Genres: Magical Realism, Young Adult
Published by Hachette on January 13th 2015
Also by this author: My True Love Gave To Me, The Cruel Prince, The Wicked King, The Modern Faerie Tales: Tithe, Valiant, and Ironside, The Queen of Nothing , How the King of Elfhame Learned to Hate Stories
Format: Hardcover (336 pages) • Source: Purchased
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Children can have a cruel, absolute sense of justice. Children can kill a monster and feel quite proud of themselves. A girl can look at her brother and believe they’re destined to be a knight and a bard who battle evil. She can believe she’s found the thing she’s been made for.
Hazel lives with her brother, Ben, in the strange town of Fairfold where humans and fae exist side by side. The faeries’ seemingly harmless magic attracts tourists, but Hazel knows how dangerous they can be, and she knows how to stop them. Or she did, once.
At the center of it all, there is a glass coffin in the woods. It rests right on the ground and in it sleeps a boy with horns on his head and ears as pointed as knives. Hazel and Ben were both in love with him as children. The boy has slept there for generations, never waking.
Until one day, he does…
As the world turns upside down, Hazel tries to remember her years pretending to be a knight. But swept up in new love, shifting loyalties, and the fresh sting of betrayal, will it be enough?
This is definitely not going to be an easy book to review! I got to the end and wasn’t even sure how to pull my thoughts together enough for a rating. I mean this in a very good way, but Holly Black’s books can just be so delightfully weird that half the time I don’t even know if I fully understood it. This was certainly a unique read with lots of nuances and secrets; it had a slow and steady plotline that didn’t really have a formal “climax” with a lot of action. I enjoyed that though. I completely forgot how much I love Black’s writing style; I know it’s not for some people. She is the absolute QUEEN of magical realism, this I know for sure. It gave the book an old-school folklore feel while also being set in modern day.
The Darkest Part of the Forest takes place in a very unique New England (yay!) town that happens to have faeries living in the forest. I won’t get too much into the actual plot, because I feel like the action is very slow-burn and I wouldn’t want to spoil any of the plot points aside from the ones in the summary. Ben and Hazel are siblings who have spent their lives in love with a horned boy that has slept forever in a glass casket in the forest. Things start getting a bit crazy around the town as the faeries, who usually leave them alone, start injuring the townspeople. The siblings try to figure out what’s going on, while simultaneously keeping secrets from each other and navigating their relationship. This was really a book about their bond more so than any romantic relationships (although those did exist too!) I loved that Ben and Hazel had a best-friend-style sibling relationship. It was interesting to see how they viewed the other person though; as Jack said, they each wanted a “little piece of what the other had.” Ben is very gifted with music while Hazel is fearless. They each think their sibling is special while they’re average. Ben wishes he was braver while Hazel wishes she had a special talent. It was a cool dynamic that I’m sure plagues a lot of siblings.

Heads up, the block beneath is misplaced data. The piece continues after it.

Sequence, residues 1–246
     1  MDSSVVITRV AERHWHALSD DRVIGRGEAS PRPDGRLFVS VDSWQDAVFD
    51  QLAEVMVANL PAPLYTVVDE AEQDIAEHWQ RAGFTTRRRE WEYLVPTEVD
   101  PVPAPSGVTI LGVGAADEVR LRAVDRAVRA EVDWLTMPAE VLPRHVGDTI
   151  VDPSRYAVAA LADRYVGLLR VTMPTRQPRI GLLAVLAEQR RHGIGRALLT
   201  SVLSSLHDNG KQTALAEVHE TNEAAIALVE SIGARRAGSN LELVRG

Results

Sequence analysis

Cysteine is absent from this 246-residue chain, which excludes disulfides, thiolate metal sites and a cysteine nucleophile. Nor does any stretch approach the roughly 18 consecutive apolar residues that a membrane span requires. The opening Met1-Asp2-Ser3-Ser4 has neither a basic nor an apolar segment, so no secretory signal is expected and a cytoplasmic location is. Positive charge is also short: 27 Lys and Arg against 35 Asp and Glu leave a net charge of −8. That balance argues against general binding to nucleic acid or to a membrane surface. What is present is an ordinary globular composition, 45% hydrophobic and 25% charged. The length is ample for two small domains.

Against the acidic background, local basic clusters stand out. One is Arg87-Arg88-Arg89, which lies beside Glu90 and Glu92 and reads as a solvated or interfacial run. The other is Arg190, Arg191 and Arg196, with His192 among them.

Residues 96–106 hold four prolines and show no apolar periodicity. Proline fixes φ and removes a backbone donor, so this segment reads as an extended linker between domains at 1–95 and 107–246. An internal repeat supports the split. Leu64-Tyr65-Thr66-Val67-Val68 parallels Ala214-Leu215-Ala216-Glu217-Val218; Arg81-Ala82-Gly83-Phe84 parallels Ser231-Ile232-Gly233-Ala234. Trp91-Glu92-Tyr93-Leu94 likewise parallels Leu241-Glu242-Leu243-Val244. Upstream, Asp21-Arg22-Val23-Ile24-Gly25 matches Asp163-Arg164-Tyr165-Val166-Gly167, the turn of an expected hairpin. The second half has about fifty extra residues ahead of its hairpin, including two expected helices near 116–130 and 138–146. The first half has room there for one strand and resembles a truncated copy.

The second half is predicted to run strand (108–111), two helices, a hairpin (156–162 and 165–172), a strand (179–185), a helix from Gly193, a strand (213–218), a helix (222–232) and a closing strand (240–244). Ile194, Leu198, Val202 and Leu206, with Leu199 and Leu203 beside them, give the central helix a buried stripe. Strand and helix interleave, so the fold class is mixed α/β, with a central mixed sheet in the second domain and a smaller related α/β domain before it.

I had pretty much no idea what to expect from this book as I flipped each page. It was so unique and unpredictable. The last 50 pages or so really threw me, in the best way possible. I won’t spoil anything, but just know that a lot of things you think you’ve got figured out are just not true. It’s hard to think of negative aspects about this book, because it was so interesting and well-written. I know a lot of people had some issues with the main characters not being AS developed as they could be, but I didn’t really have that issue. I thought that the sibling bond was more than enough. Beyond that, some parts towards the end were kind of confusing. I’m not sure if I just wasn’t as focused on it for some reason, but I feel like I missed some of the connections the characters were making and the plans that started unfolding. That issue faded for a little bit though and things became a bit more clear. The real end though…ugh. I don’t know. View Spoiler »It feels kind of stupid and counter-intuitive that Ben would stay in the forest to “develop his music.” I think he was just being a love-sick puppy at that point. It was a dumb excuse for him to just stop going to school and staying with the faeries. I figured the message of the book would have more strong “siblings stick together” vibes, but that aspect didn’t help. « Hide Spoiler The epilogue was a great conclusion to the story though.
I can’t lie, it’s kind of refreshing that this is a standalone… but I could probably read about the town of Fairfold forever.